Get Ready Tokyo: Maker Faire is Coming!
All hail Kuratas.

Tokyo’s first Maker Faire is set for Dec. 1-2 at Miraikan, the National Museum of Emerging Science and Innovation.

The city has hosted smaller Make: Meetings but this is the first official Maker Faire. Back in 2009, Tokyo’s MAKE: Meeting attracted 600 people over two days and about 20 makers. Maker Faire Tokyo is expected to draw about 10,000 visitors over two days. There are 250 makers signed up with a list of 30 or more on the waiting list. Making is big in Tokyo.

“They have just grow and grown,” said John Moore, Managing Director of O’Reilly Japan and Maker Faire Tokyo organizer.

Speaking of big, one of the biggest, most anticipated attractions at Maker Faire Tokyo will be Kuratas, a 13-foot robot from Suidobashi Heavy Industries. The diesel-powered KR01 Kuratas Battle Mech can be controlled via smart phone or a pilot riding inside.

“It’s the biggest robot in Japan,” said Moore. “He’s our special guest.”

On a smaller scale, Minokura’s “Smart Trashbox,” a wheeled robot that moves to catch trash as you throw it, will also be featured at the fair.

Other standout maker exhibits include:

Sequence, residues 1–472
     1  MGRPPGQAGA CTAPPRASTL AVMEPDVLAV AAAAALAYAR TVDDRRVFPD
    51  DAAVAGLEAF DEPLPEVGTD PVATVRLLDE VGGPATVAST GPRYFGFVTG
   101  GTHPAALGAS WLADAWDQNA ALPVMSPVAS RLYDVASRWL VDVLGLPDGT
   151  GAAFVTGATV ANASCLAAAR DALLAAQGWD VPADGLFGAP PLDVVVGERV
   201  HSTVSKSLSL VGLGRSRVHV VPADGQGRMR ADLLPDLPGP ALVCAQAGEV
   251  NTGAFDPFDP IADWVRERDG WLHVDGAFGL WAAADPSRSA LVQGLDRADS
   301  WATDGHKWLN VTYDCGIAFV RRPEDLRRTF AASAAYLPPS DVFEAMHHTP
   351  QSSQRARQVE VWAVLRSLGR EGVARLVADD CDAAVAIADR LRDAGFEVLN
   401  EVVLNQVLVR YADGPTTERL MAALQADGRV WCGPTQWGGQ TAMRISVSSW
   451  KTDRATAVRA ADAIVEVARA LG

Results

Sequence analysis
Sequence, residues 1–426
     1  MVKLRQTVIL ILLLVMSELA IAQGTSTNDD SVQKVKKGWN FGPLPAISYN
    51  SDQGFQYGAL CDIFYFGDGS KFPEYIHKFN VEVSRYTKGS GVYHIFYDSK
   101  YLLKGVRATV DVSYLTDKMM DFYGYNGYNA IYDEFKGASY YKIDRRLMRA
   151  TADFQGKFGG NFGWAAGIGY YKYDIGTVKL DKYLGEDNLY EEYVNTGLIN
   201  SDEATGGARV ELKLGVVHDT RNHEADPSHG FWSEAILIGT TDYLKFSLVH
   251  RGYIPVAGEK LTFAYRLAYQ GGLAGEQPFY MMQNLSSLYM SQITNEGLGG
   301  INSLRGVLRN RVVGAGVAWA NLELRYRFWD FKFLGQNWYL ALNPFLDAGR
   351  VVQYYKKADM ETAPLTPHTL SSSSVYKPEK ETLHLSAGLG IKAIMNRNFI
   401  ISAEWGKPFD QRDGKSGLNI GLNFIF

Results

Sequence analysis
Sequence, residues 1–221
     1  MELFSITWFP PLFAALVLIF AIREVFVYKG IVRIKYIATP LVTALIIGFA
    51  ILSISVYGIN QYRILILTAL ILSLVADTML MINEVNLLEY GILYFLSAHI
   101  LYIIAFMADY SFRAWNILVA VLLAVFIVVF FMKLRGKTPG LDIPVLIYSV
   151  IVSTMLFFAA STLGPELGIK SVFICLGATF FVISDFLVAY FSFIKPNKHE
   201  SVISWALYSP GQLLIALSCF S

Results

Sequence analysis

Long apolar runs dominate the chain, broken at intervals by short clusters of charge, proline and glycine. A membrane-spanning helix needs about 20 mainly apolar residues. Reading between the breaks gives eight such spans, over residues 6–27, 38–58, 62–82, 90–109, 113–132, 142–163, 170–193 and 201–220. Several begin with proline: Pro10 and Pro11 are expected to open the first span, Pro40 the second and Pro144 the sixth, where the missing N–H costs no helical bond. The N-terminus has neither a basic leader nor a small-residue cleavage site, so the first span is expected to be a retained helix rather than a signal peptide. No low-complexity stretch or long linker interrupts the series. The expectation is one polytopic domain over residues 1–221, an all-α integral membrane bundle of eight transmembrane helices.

• A pinhole planetarium projector that displays  5,800 fixed stars in 3-D.
  • Radiation Watch, a nonprofit project aimed at spreading the use of a “pocket Geiger counter” smart phone technology.
  • Cool, mixed media knitted creations from Miquraffreshia.

8 thoughts on “Get Ready Tokyo: Maker Faire is Coming!

  1. hmmm… might want to fact check. There have been at least two make fairs in Tokyo (for some reason, my head screams “3” and ONE make MEETING. The previous fairs were at Tokyo Institute of Technology. This is the first at Miraikan, and the first with an entrance fee. There is no doubt though that it will be nearly double from the previous fair.

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Stett Holbrook is editor of the Bohemian, an alternative weekly in Santa Rosa, California. He is a former senior editor at Maker Media.

He is also the co-creator of Food Forward, a documentary TV series for PBS about the innovators and pioneers changing our food system.

View more articles by Stett Holbrook